In fact, many years ago, my Ph.D. was involved in microencapsulation of drug products. Let me tell you, small changes in the manufacturing process, such as the change in the core to coat ratio, in other words, the amount of the coat compared to that of the core, slight changes will affect the degree of encapsulation, the temperature, the extent of stirring, etc. makes a huge difference. I don’t see any of that being validated. So, that might be a significant reason why there is a difference. That’s pure speculation on my behalf.

What I can say is the differences in the manufacture, one involved the two-step process rather than one, it was produced on a different scale, and also was produced in a different manufacturing facility. From the information I’ve received, it appears that the standard procedures is a scaling up on validation of the overall manufacturing process was not followed, and as a likely explanation for the variability in the batches.

So, we have different clinical proof that there is differences in the batches, and we have chemical proof as well as shown in the EMA emails. That concludes my presentation.

Senator Malcolm Roberts:
Thank you very much, Dr. Rowe. Just someone, Christine Dolan, who was a witness just before you said that the batches are different because pharma blew off testing. In Pfizer, at every manufacturing step, they neglected to test at every step. We know that in the United States, because it’s in the Pfizer documents. Does that make sense to you?

Dr James Rowe:
Yes. That makes perfect sense to me.

Senator Malcolm Roberts:
Does anyone here have any questions?

Craig Kelly:
Dr. Rowe, is there any evidence about the different batches in Australia with the different rates of adverse events like there is in America? Is that only in America?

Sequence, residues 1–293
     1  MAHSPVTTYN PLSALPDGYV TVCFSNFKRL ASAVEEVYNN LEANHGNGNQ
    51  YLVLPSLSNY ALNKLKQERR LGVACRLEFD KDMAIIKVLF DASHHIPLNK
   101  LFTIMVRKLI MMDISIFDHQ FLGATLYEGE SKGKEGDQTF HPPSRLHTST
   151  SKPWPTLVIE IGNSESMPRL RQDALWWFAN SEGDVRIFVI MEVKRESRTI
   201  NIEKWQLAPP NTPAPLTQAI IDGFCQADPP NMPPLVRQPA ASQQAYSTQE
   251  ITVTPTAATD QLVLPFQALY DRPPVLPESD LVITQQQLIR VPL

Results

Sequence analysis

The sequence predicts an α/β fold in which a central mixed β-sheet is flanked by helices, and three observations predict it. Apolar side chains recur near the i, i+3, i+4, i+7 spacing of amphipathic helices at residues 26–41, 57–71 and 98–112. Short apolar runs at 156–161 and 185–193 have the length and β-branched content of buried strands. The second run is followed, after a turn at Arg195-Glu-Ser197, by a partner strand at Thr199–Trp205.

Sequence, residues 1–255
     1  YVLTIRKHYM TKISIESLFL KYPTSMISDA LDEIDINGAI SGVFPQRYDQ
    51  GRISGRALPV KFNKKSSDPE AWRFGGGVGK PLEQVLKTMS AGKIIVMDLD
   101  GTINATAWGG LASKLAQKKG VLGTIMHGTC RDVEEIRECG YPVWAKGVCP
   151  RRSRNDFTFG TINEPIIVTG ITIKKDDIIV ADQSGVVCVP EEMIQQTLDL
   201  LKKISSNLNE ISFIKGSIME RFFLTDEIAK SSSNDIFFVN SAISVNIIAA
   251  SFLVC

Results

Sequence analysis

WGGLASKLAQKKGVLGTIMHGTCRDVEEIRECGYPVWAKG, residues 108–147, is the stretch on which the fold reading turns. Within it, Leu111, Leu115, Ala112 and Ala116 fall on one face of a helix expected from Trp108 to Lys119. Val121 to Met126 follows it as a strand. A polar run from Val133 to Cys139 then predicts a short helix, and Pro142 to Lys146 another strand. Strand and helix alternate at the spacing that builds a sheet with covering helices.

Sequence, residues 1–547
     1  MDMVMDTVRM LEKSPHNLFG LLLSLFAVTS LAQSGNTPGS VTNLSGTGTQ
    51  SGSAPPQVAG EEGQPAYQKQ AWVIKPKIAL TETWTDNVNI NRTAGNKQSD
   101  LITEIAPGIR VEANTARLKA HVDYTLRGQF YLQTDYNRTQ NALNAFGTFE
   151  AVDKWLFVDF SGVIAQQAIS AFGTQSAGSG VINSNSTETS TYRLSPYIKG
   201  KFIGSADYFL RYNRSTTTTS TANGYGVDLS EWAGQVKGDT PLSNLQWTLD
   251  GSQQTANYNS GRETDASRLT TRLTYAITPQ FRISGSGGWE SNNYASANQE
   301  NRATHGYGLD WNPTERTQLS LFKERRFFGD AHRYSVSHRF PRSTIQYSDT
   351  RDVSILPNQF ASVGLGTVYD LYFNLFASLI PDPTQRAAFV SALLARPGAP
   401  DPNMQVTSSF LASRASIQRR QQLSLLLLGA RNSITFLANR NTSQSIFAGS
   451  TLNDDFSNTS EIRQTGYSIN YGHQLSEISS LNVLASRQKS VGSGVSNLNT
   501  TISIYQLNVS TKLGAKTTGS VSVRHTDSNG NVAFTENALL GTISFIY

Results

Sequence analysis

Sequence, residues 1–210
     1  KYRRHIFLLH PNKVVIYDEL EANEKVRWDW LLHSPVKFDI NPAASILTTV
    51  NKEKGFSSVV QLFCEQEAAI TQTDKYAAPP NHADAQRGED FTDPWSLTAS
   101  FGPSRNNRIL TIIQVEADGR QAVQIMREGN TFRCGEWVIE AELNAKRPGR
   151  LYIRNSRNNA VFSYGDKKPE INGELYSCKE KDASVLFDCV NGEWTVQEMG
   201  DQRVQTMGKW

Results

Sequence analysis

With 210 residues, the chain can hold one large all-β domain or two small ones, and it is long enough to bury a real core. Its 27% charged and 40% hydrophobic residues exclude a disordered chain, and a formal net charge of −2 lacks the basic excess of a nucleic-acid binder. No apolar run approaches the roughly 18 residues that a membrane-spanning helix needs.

Dr James Rowe:
I’m sorry. The sound is extremely bad. Could you repeat that?

Craig Kelly:
I’ll just jump in. Is there any evidence in Australia, like there is in the States, about different batches having different rates of adverse events?

Dr James Rowe:
I have not seen that. The data from the US came from the official database, and I understand that data has been verified. I’ve not seen anything similar in Australia.

Senator Malcolm Roberts:
So really, we’ve seen, even in food production, this would’ve been a very serious offence, but this is now medication. It’s just disgrace for what’s going on.

Dr James Rowe:
Well, yes, the medications… It’s been obvious to me that the medication varies from batch to batch. Also, we have seen in some batches, the appearance of small nanoparticles, which are probably the result of the coating materials which hasn’t encapsulated the drug. We’ve actually seen that in several batches.

Senator Malcolm Roberts:
In other words, the testing of the original formulation, if that’s the word they use, does not apply to the actual manufactured products.

Dr James Rowe:
Absolutely correct.

Senator Malcolm Roberts:
We know that the testing for the original formulations that were put through trials, scanned as they were, they weren’t anywhere nearly fully tested at all, but even those shotty results don’t apply to the manufacturer. So, we’ve basically got an untested product, completely untested product.

Dr James Rowe:
That’s exactly what I’m putting forward. I’m saying that it could be well argued that no clinical or stability testing was performed on the formulation, which was used in the commercial manufacturer of the vaccines.

Senator Malcolm Roberts:
Thank you very much, Dr. Rowe. We’re going to end it there. I thank you so much for bringing your expertise, more than 40 years in big pharma, including manufacturing and testing. Thank you so much for contributing.

Dr James Rowe:
Thank you.

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Truth-seeker, ever-questioning, ever-learning, ever-researching, ever delving further and deeper, ever trying to 'figure it out'. This site is a legacy of sorts, a place to collect thoughts, notes, book summaries, & random points of interests.